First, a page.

Building Blocks on Infrastructure

Apr 3, 2013

In the 20th century, America built the world’s best infrastructure. But, like a house, infrastructure requires habitual maintenance and renewal—which have been lacking recently due to continual underinvestment. A strong, safe, reliable infrastructure is central to U.S. economic and job-growth success, be it increasing domestic energy production, remaining competitive in agriculture or trying to reinvigorate manufacturing. With 95 percent of global consumers outside the U.S., exports are especially important, and likewise reliant on a competitive transportation system.

The U.S. private sector is well positioned to help restore the nation’s overstressed infrastructure, according to its leading voice, the Washington, D.C.-based U.S. Chamber of Commerce (USCC). The USCC is the world’s largest business federation, representing the interests of more than 3 million businesses of every size, sector and region. According to USCC’s Janet Kavinoky, Executive Director, Transportation & Infrastructure, the private sector stands ready to pay its fair share to help maintain investment in public infrastructure.

“Transportation requires a multipronged approach,” Kavinoky says. “It needs to be public and private, and we’ve said repeatedly that we’re willing to pay in order to improve productivity and competitiveness.”

Kavinoky notes that plentiful private capital is available for infrastructure improvements, but much of it goes abroad, to countries more open to public-private partnerships, or P3s. This upfront capital can help start and complete projects far more quickly than if a state has to raise the money.

The Maryland-owned Port of Baltimore’s Seagirt Marine Terminal recently needed to build a new, larger berth to take on bigger ships, with business and jobs at stake. The Maryland Ports Administration and a private company, Ports America, which is owned by Highstar Capital, teamed up on a 50-year P3 lease and concession agreement. As a result, private sector investors will be repaid and receive ongoing revenue, and the MPA will maintain direct control of port security functions—a win all around. The Miami Port Tunnel is another successful public-private effort. Conceived as a privately-financed project, the tunnel was completed with a combination of private investment and a $450 million Transportation Infrastructure Finance and Innovation Act federal loan. The tunnel allows the first direct connection of a major port to the U.S. Interstate Highway System without any stoplights.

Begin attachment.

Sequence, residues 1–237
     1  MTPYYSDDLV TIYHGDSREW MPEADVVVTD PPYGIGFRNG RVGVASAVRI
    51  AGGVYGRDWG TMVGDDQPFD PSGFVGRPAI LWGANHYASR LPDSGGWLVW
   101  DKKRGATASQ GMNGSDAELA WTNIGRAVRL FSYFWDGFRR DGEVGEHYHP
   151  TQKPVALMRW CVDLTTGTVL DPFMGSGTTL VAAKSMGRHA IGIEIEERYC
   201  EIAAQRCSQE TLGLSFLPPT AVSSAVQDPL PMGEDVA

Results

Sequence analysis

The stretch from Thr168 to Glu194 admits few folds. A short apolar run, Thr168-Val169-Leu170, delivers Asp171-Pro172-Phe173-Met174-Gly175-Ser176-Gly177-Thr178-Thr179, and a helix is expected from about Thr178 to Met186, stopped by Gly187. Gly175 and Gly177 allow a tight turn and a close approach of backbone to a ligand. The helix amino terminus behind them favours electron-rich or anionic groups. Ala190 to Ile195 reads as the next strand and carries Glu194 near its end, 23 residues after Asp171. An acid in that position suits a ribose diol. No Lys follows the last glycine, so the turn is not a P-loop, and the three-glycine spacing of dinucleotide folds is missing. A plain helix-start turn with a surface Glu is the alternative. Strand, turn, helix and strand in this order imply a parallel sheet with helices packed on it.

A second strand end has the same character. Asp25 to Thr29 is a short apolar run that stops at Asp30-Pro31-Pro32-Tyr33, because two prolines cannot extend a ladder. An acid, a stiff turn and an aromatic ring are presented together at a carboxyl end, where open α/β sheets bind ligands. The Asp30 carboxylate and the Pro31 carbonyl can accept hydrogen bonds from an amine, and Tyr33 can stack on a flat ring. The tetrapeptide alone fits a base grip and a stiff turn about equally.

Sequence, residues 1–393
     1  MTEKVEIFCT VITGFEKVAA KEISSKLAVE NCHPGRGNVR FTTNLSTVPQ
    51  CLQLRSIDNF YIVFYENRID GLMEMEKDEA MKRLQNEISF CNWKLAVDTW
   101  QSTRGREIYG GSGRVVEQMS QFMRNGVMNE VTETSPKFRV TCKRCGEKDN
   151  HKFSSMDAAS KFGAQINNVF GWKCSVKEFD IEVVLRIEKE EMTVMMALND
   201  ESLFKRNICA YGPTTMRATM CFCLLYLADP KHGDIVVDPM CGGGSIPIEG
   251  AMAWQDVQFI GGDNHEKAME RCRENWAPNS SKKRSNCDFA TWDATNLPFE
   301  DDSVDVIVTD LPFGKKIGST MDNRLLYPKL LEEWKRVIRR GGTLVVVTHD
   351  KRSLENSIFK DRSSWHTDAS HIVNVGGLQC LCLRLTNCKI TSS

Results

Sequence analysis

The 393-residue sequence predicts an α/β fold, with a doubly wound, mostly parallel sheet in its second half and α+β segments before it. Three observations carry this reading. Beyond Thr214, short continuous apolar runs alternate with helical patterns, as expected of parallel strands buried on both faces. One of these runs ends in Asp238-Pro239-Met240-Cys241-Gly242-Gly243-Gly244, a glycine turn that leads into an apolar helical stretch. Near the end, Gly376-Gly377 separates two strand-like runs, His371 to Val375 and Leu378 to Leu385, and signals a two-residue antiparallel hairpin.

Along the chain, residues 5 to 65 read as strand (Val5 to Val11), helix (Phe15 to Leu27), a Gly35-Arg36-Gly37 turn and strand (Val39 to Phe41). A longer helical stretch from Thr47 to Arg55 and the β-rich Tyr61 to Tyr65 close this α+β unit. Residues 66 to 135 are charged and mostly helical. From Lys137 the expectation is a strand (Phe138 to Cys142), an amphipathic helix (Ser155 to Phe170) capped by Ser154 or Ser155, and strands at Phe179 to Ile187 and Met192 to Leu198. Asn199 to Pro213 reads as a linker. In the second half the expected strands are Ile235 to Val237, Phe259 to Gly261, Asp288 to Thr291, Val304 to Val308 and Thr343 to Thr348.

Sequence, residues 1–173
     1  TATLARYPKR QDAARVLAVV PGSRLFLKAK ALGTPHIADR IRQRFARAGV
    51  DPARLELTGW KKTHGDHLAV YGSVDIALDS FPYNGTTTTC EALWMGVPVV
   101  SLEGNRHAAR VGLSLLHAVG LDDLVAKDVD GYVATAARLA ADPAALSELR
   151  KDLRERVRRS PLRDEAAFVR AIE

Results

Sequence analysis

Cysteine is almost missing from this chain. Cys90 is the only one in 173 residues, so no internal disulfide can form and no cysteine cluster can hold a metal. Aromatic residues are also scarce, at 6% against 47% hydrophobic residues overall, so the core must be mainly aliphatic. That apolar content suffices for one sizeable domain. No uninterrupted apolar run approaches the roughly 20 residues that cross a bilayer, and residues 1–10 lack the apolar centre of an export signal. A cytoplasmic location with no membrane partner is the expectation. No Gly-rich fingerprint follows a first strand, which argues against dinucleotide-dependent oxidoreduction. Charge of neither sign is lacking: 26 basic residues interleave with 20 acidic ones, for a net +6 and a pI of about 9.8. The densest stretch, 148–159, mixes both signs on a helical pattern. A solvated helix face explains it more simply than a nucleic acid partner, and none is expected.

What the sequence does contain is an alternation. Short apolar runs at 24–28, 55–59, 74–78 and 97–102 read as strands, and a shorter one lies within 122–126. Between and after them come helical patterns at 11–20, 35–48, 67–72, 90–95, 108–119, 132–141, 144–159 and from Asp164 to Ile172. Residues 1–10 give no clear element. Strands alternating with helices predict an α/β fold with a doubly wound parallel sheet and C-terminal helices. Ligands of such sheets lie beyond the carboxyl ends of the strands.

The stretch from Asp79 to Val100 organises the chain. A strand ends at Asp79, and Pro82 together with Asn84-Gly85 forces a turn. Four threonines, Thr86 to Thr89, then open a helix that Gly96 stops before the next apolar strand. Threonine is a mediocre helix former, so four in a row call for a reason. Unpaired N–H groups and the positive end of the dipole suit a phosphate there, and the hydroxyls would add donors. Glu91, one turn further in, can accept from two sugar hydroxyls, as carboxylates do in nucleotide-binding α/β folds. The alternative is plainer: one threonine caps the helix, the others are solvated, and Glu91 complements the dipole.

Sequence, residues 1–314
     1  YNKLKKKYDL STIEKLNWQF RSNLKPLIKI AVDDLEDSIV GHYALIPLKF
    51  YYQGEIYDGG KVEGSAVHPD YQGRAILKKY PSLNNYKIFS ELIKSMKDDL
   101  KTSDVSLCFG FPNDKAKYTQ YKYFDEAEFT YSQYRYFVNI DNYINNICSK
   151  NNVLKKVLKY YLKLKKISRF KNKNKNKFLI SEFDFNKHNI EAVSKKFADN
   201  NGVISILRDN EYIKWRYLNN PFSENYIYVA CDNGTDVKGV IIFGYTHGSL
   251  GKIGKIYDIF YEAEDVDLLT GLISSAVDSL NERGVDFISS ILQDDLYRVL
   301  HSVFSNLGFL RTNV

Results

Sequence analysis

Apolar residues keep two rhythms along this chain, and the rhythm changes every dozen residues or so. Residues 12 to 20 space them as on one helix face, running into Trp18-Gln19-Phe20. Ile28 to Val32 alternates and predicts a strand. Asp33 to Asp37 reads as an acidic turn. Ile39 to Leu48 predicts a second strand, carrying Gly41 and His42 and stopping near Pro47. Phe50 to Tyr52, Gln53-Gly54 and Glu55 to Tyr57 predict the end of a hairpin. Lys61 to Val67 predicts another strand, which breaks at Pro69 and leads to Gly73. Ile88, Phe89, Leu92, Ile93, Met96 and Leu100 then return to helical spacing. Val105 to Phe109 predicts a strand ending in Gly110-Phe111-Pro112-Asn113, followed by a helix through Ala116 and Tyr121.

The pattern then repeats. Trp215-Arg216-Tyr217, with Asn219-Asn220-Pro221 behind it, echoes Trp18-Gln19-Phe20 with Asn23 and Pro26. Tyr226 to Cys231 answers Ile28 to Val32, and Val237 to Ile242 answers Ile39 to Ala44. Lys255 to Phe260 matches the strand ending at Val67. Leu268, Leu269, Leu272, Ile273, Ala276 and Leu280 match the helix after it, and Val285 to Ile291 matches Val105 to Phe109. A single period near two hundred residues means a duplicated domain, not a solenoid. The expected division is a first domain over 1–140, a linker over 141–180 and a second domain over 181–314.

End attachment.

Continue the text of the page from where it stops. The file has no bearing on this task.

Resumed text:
Innovative technology, such as improved incident management, streamlined operations and enhanced customer service, is also a game changer. For example, the need to mitigate traffic congestion on the Capital Beltway around Washington, D.C. couldn’t be accomplished in the traditional manner since public funds weren’t available. Due to Virginia’s Public-Private Transportation Act, Fluor Corp. brought an unsolicited proposal to table with an inventive approach that is creating added capacity via four high-occupancy toll lanes, while replacing 58 decaying bridges and overpasses. In the past year, Governor Bob McDonnell established a separate Office of Transportation P3, which will allow for further innovation. “We need more of that kind of innovation,” Kavinoky says. “State DOTs have evolved to be more about project management and oversight. We must partner with the private sector.”

The private sector can make a difference in one final way: sweat equity. Using private-sector resources to make the compelling case for smart infrastructure investment—as the U.S. Chamber of Commerce continues to do with its flagship Let’s Rebuild America Initiative—can shape the debate about infrastructure. Says Kavinoky: “We want to bring new business voices to the table. What’s infrastructure about? Quality of life, and the economy.” 

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